I was recently asked whether there's any research indicating that dual enrollment program participants ultimately earn fewer total credits when completing a postsecondary degree. A 2009 Florida study does provide at least a partial response to this question.
The report notes that 40% of students surveyed at Florida's largest universities believed that "acceleration credits" (dual enrollment, as well as IB, AP and other options) allowed them to "progress through college in a shorter time period". Data support these students' perceptions. Students graduating from Florida's state universities in the 2006-07 academic year who had completed acceleration credits attempted an average of 128 credit hours of college courses, whereas their average peer who had not earned acceleration credits attempted 140 credit hours.
Unfortunately, the study doesn't separate the results by the type of accelerated credit students earned. Nor do the authors speculate why students earning acceleration credits of any kind finished a college degree with fewer credits. And granted, this is just one study in just one state. However, it's hard not to be at least a little interested reading that "This difference equates to almost a semester of college courses, which represents a substantial savings in higher education costs to both the state and students. The state benefits from the freed instructional slots and classroom space that allow other students to progress through these classes."
One might argue that students earning acceleration credits are more academically motivated--but on the other hand, there are various ways academically motivated students might earn more college credits than the average student. Academically motivated students might choose double majors (or even triple-majors--this author was one of those crazy people)--although students in the Florida report noted that acceleration credit allowed them to pursue double majors and dual degrees. Students in general--including academically motivated students--might also earn more total college credits by switching majors mid-college careers (been there, done that, too), turning all those credits that once went towards a major into a mighty expensive minor, with a lot of excess credit hours in tow. More academically motivated students might even have greater motivation to switch colleges (transitioning to a more selective college, for example), resulting in credits that are only recognized as "electives" at College #2.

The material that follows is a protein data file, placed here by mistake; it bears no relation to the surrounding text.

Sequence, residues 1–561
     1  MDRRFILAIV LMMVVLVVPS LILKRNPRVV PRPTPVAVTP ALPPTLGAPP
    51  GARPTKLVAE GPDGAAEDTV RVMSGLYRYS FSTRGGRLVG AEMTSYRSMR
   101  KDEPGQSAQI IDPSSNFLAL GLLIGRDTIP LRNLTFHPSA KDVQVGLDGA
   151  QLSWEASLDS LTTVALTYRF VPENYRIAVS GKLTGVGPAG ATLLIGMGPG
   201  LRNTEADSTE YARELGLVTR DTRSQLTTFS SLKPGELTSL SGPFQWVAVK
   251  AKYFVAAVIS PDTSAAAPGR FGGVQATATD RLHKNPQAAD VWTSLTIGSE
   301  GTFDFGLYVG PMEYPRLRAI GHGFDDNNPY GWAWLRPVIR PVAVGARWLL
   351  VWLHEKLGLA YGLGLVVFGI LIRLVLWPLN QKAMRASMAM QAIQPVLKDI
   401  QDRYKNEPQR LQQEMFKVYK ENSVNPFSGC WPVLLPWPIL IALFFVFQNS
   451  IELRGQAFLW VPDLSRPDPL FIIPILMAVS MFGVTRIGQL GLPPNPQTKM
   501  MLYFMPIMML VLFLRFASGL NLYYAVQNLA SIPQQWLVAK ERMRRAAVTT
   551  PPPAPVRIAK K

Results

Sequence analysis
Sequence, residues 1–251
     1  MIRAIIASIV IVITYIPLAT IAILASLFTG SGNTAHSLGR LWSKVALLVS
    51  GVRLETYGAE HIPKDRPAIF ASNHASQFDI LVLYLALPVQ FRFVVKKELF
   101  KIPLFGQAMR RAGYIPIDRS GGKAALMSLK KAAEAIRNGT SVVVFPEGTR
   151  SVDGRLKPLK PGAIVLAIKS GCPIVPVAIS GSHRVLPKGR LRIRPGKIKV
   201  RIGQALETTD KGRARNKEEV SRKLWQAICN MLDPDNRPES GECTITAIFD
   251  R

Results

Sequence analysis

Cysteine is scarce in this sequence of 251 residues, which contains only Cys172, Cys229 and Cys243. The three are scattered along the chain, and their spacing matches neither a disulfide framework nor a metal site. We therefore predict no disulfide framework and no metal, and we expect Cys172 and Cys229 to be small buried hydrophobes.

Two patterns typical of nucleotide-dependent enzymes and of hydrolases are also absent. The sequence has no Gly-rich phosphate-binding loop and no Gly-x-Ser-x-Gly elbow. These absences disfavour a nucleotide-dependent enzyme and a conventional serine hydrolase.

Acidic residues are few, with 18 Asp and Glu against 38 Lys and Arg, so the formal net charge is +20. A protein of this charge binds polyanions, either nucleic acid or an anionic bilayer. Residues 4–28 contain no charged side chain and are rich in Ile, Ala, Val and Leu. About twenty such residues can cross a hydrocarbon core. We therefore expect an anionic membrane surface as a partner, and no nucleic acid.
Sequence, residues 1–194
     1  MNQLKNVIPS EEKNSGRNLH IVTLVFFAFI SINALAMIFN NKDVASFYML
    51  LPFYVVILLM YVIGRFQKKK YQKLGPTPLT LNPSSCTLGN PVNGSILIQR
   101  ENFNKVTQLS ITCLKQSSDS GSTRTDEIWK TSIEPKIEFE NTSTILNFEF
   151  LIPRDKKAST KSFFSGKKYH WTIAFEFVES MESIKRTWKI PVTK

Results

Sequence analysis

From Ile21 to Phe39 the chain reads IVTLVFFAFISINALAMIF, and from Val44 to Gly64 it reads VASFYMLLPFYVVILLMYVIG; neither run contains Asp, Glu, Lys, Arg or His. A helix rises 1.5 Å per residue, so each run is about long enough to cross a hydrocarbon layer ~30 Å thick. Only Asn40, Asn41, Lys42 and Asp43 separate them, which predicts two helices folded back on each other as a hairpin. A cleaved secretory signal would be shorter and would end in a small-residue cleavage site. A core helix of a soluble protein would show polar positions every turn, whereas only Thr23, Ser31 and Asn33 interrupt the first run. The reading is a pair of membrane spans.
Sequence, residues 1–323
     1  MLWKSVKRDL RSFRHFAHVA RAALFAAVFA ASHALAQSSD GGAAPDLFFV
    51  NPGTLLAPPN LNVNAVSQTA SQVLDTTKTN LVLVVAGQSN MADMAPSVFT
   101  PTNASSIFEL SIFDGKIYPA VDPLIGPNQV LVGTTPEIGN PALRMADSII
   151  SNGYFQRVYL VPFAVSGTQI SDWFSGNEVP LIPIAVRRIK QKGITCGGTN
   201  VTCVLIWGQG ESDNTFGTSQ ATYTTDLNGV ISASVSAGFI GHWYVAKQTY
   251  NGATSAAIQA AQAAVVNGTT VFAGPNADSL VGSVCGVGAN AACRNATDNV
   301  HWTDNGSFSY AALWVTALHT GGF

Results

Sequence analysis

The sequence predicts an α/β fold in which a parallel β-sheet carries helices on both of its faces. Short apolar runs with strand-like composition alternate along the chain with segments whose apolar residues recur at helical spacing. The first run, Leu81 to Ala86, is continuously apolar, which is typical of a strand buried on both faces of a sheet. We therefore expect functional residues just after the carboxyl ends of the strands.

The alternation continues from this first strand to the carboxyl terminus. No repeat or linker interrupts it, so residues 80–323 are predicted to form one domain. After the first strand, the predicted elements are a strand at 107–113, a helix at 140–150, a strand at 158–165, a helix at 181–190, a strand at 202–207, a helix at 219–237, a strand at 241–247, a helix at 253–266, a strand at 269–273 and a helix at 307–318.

Another thought might be that dual enrollment courses allow students to "try on" different academic disciplines at a more rigorous level before starting college, so that students are less likely to accumulate too many credits in one discipline before switching degree areas, if they decide to change majors at all. And--particularly when students complete dual enrollment courses on a college campus---dual enrollment allows students to "try on" a college at the same time they "try on" a discipline, so that students may decide to apply at (or decide to avoid!) the postsecondary institution where they had their dual enrollment experience, again avoiding those credit hours not recognized at College #2 after things at College #1 don't work out.
I would love to see more research on this point--are dual enrollment students less likely to change majors once they enter college? Are they more likely to enroll in the postsecondary institution partnering in the dual enrollment experience than their peers in the same geographic area who did not participate in dual enrollment? Are there other factors that lead dual enrollment students to complete a college degree in fewer credit hours? Or in fact, will studies in other states not bear the same results as those in Florida? In an era where states are trying to simultaneously raise college completion and attainment rates and keep postsecondary costs down, such research would be extremely valuable.